My worries about telemedicine echo some of those you’ve outlined around physicians’ resistance to its adoption and relatively high upfront costs to the hospitals that adopt the technology. In addition, though, I worry that some of the empathy and bonds that doctors form with their patients may be lost when the interaction takes place over a screen and not in-person, and that this may impact the care which doctors put into their diagnoses. In addition, if patients are not able to properly explain their symptoms over video to doctors because they lack the vocabulary, and doctors can’t compensate for this lack of communication by physically interacting with the patients to get a better sense of what’s wrong, I worry about misdiagnosis occurring at a greater frequency in telemedicine interactions than in regular office visits. However, in the absence of viable alternatives, telemedicine is a worthy option for rural communities that would otherwise lack affordable healthcare options.
This was a great read, Yuwa. I think that you hit the nail on the head when you mentioned that the food shortage issue is exacerbated by lack of proper irrigation infrastructure. As the granddaughter of a small-scale farmer, I recall that my grandfather only grew maize/corn in the rainy season, until he was able to invest in irrigation projects that let him grow maize in the dry season. Maize has a short lifecycle (with less than 6 months from initial planting to maturity), and being able to grow the crop twice in one year on one plot of land (versus just once during the rainy season) increases the yield (by close to a factor of 2).
Given that irrigation projects make so much sense, the main issue is finding a way to provide Malawian farmers with the capital to build such systems. ADMARC could play a role in this, if, for example, the entity advances capital for a group of farmers to build irrigation systems, and holds back some of the cash consideration it would pay them for their harvest as repayment over a few years. This scheme could quicken the adoption of irrigation across the country, particularly if ADMARC starts with large scale farmers who are more important to the supply chain, and then expands such a scheme to small scale farmers.
This was a fun read. I like your suggestion that Sierra Nevada could look to use drought-resistant hops strains to reduce its water usage, and think the point on diversifying the hops supply chain to include hops from other countries such as Germany or South Africa is valid. However, I worry U.S.-led isolationist policies may impact Sierra Nevada’s ability to source non-U.S. hops economically, particularly if additional tariffs are placed on products or raw materials imported into the country. Current talks include tariffs on German/Chinese steel, for example, but extension of potential tariffs to agricultural produce or commodities could impact Sierra Nevada’s ability to pursue such a strategy.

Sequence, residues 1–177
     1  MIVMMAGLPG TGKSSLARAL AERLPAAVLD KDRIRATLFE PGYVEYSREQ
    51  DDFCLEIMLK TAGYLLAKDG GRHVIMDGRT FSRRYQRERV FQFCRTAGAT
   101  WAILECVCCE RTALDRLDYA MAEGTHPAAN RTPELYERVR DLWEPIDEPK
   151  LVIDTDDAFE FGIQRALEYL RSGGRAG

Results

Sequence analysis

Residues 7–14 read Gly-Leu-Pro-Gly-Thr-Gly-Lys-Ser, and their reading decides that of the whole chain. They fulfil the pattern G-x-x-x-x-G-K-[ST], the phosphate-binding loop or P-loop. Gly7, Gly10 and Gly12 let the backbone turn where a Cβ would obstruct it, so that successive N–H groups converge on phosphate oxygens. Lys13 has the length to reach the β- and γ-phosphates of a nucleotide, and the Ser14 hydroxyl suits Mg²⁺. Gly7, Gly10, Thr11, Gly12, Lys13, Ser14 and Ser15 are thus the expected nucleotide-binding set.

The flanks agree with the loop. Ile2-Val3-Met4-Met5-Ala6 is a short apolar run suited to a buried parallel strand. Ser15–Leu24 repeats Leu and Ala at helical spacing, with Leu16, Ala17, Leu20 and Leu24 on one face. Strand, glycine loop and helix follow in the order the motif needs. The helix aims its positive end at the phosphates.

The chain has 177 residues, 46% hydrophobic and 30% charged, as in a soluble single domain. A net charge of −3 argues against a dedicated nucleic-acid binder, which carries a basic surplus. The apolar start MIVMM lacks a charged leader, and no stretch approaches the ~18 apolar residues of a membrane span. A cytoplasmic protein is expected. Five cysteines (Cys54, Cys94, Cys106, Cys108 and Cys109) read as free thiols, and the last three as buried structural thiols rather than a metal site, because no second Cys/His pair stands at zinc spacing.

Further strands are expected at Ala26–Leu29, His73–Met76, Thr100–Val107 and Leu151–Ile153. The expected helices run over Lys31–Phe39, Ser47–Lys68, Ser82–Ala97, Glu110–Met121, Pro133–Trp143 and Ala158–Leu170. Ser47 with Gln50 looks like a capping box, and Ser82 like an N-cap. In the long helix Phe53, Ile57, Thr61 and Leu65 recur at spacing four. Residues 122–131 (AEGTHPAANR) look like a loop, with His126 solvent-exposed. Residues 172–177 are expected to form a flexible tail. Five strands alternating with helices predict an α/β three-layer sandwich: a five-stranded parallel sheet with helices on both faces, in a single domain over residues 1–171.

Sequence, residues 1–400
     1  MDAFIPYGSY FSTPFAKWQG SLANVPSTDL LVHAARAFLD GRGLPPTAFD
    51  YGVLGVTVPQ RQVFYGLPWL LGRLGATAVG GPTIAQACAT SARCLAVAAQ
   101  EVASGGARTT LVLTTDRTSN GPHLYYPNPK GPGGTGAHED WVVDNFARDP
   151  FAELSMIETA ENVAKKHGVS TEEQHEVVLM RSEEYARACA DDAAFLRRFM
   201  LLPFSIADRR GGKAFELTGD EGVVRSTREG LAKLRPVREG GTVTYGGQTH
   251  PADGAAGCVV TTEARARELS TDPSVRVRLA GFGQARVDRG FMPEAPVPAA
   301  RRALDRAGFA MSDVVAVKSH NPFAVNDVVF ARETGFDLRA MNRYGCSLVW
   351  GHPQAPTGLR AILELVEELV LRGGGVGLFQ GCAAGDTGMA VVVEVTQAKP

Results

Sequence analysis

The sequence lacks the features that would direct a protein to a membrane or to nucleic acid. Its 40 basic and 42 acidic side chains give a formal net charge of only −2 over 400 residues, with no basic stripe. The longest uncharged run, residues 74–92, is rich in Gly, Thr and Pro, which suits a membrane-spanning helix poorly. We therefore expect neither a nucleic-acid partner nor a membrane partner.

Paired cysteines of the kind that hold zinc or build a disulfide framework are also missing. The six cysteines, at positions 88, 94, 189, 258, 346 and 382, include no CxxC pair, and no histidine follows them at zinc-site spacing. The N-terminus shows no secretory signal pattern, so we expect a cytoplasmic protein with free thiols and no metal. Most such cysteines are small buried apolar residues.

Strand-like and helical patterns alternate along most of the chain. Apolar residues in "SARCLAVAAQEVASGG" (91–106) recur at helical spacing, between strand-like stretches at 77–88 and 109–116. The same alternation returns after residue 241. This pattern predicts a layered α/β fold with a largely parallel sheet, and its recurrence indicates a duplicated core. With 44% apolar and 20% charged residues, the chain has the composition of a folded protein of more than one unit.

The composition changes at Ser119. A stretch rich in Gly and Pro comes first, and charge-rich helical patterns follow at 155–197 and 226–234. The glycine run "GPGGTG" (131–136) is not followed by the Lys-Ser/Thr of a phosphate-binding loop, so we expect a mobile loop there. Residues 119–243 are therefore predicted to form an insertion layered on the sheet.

To your question on inspiring others to think about climate change or sustainability, it can be hard to do so as the underdog in an established industry. However, I thought of Patagonia as a company that prioritized sustainability and a “clean” supply chain in the outerwear/camping goods space, despite being the underdog. Many customers were willing to pay a premium for Patagonia jackets because they helped them feel good (or at least, less guilty) about their purchasing decisions due to their relative sustainability, and Patagonia is now a leader in the space because of this following. Sierra Nevada could charge a premium for its sustainably-brewed beers if customers prove willing to pay for the feeling that their beer is sustainable, and could earn better margins than peers who do not prioritize sustainability. If everyone follows the margins, it’s not a stretch to see how Sierra’s position as a leading craft brewer could inspire both larger and smaller brewers to do the same.
I thought this was a fascinating read. I agree with your point that dealing with increased costs due to Brexit by simply passing them onto Guinness consumers isn’t tenable, given increased competition in the beer space from high-quality craft brews. I also imagine there would also be significant public outrage in Ireland to price hikes, given that the Guinness still the most consumed brand of beer in the country, and given the national pride attached to the brand.
With this context in mind, could Diageo focus its efforts on expanding the non-Guinness portions of its business, instead? Johnnie Walker, Smirnoff, and Bailey’s, while all major brands of alcoholic beverages, do not carry the same ties to national identity that Guinness does. I also imagine that they do not face the same type of small-scale craft-brew competition that Guinness does. Could Diageo then play around with some of the levers you’ve raised earlier (relocating factories to avoid Brexit-driven logistical issues, or raising prices to provide a cushion for Brexit-related costs) on these brands?